Go to contents

Opposition fuels controversy over constitutional revision

Opposition fuels controversy over constitutional revision

Posted October. 31, 2014 07:18,   


The main opposition New Politics Alliance for Democracy (NPAD) continues to fuel discussions about the proposed revision of the Constitution. A day after Moon Hee-sang, interim leader of the NPAD, told President Park Geun-hye that there is a "golden time" for a constitutional amendment, he stressed on Thursday the importance of a revision that would call for the decentralization of presidential power.

There are many NPAD lawmakers who support a constitutional revision. Woo Yoon-keun, the NPAD floor leader, and other influential members of the party, including Park Jie-won, Chung Sye-kyun and Moon Jae-in, are in favor of an amendment. When President Park expressed her objection to parliamentary discussion of a constitutional amendment, Moon criticized the president for her "dictatorial idea of abusing power and ignoring the division of powers."

A third-term NPAD lawmaker said that the party is actively championing a constitutional revision because there is a "consensus" among the people and lawmakers about the necessity. "There may be a calculation that it is not unfavorable to the opposition party to confront the presidential office Cheong Wa Dae, which is trying to stop the discussions," he said. Among 249 legislators who responded to a recent survey by a media outlet, 231, or nearly 93 percent, of them said they were in favor of a constitutional revision.

Moon claims that it is imperative to end the "system of 1987," which introduced the current direct presidential election system. He argued at a behind-closed-door meeting that few presidents had been successful from the beginning to the end of their terms in office. "It is not because the persons had problems but because the current presidential system has a systemic flaw, with which only one or two of 100 presidents can perfectly execute his or her duty," he said.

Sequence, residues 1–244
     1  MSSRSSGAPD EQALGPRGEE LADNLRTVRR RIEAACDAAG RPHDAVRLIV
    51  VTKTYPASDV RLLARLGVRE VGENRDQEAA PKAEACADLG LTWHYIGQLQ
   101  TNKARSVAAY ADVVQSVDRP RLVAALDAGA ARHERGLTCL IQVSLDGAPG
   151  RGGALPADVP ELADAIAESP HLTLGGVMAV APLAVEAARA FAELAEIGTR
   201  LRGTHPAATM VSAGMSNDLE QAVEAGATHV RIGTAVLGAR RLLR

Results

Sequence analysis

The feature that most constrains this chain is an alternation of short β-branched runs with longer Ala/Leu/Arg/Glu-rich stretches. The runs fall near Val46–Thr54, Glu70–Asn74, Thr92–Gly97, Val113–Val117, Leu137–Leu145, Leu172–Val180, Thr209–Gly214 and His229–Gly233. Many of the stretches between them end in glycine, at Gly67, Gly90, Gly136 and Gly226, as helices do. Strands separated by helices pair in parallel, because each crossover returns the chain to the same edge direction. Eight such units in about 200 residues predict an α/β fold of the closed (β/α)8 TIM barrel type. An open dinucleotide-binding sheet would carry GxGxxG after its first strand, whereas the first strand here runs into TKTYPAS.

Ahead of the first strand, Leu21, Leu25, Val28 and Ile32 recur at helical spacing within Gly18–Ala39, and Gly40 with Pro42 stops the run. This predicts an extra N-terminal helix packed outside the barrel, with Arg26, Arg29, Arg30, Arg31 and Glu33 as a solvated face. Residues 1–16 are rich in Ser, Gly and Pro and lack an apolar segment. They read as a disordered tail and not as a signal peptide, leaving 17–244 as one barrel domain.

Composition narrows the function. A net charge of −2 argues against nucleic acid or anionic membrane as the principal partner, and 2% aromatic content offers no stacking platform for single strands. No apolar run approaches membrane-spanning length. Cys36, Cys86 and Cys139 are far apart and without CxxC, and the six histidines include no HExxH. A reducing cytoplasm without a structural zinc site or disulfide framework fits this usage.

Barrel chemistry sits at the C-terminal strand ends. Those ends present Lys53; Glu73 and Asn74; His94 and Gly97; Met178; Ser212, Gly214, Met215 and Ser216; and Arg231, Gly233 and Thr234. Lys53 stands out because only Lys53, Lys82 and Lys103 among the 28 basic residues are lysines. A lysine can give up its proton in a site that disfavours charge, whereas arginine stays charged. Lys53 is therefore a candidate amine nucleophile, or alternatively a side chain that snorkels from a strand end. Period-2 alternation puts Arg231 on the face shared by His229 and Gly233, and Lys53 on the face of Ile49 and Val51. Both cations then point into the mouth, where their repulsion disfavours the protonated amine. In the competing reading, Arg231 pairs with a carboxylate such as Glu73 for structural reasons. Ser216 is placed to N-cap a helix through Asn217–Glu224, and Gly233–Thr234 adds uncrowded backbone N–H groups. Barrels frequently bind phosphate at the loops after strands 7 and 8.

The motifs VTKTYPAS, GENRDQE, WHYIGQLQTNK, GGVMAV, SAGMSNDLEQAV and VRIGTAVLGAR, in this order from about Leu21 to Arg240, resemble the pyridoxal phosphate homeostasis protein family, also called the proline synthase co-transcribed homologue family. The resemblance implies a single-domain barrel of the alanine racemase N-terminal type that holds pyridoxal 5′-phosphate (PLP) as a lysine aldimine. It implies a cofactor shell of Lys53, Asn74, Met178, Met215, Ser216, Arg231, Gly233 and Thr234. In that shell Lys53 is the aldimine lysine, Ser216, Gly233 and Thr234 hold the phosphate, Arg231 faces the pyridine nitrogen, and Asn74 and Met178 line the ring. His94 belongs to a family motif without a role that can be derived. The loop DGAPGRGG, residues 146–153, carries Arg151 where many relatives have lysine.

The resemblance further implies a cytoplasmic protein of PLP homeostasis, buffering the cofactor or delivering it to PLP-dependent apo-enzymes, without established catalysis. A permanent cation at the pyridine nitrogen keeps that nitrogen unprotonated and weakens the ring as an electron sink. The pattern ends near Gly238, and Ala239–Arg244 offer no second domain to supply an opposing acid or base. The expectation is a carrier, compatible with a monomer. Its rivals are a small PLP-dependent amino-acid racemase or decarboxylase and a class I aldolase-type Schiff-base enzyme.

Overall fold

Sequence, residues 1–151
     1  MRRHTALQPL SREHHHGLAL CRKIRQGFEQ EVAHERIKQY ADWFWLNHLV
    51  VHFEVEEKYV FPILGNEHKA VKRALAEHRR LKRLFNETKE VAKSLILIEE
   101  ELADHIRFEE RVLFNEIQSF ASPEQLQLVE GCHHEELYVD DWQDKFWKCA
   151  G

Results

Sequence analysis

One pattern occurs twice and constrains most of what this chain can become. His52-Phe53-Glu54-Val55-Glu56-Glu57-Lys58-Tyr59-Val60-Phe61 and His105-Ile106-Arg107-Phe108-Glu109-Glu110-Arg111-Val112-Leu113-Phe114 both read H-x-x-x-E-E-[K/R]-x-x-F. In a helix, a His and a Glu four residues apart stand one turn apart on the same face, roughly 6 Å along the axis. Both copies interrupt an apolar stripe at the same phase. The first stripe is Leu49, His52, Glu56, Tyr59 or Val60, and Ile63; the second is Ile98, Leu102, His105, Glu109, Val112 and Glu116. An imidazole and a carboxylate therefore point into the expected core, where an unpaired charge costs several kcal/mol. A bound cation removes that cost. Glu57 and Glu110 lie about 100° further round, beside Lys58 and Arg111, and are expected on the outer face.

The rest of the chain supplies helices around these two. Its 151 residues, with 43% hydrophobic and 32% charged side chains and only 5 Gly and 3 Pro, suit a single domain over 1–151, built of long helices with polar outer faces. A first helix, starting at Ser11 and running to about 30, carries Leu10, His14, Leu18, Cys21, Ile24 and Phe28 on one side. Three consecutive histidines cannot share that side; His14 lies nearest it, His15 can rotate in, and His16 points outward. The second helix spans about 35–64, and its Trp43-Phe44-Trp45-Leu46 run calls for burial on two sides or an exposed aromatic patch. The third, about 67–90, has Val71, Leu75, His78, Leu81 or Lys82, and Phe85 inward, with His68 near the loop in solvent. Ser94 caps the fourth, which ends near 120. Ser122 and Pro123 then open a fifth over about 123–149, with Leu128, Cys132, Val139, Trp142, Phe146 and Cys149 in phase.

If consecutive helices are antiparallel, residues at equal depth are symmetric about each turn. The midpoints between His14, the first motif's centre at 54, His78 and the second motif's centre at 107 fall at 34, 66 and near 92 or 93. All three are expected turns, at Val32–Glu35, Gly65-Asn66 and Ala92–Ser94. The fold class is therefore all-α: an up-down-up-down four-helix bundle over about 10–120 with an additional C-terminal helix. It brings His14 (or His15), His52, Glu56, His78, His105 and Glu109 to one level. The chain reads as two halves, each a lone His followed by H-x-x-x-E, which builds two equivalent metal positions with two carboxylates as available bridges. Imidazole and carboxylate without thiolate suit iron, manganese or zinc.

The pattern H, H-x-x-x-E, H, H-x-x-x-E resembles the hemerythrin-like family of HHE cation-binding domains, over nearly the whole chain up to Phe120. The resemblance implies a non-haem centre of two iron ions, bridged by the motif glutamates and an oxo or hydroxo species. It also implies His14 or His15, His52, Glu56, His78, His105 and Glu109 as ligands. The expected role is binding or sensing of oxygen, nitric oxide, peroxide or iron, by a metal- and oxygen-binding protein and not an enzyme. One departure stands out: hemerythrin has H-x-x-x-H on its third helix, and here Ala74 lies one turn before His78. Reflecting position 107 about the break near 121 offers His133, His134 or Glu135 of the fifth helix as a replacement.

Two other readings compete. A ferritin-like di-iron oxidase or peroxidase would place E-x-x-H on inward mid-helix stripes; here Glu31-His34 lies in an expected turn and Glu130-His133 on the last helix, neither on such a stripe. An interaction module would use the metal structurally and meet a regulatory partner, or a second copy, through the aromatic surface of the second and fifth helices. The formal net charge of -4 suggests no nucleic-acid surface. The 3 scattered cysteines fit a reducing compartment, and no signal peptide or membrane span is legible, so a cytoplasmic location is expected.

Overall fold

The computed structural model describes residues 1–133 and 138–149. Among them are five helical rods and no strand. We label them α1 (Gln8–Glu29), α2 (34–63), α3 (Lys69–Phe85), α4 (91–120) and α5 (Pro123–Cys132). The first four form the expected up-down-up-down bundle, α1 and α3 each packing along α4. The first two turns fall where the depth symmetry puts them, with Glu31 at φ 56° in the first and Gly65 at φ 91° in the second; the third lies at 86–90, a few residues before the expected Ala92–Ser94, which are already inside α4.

However, some observers say that such a cause has underlying political calculations. More than anything else, many lawmakers think that a constitutional revision that would decentralize the presidential power would be good as long as it ends up strengthening the power of the National Assembly. They mean that dividing power between the ruling and opposition parties would be a win-win solution to both parties except for some leading presidential hopefuls.

Some other NPAD members are cautious about the risks from the constitutional amendment issue. One party official said that the issue could back fire if it leads to a frame between a constitutional revision or economic recovery. "Now is the time to make a careful strategy about the necessity and direction of a constitutional revision.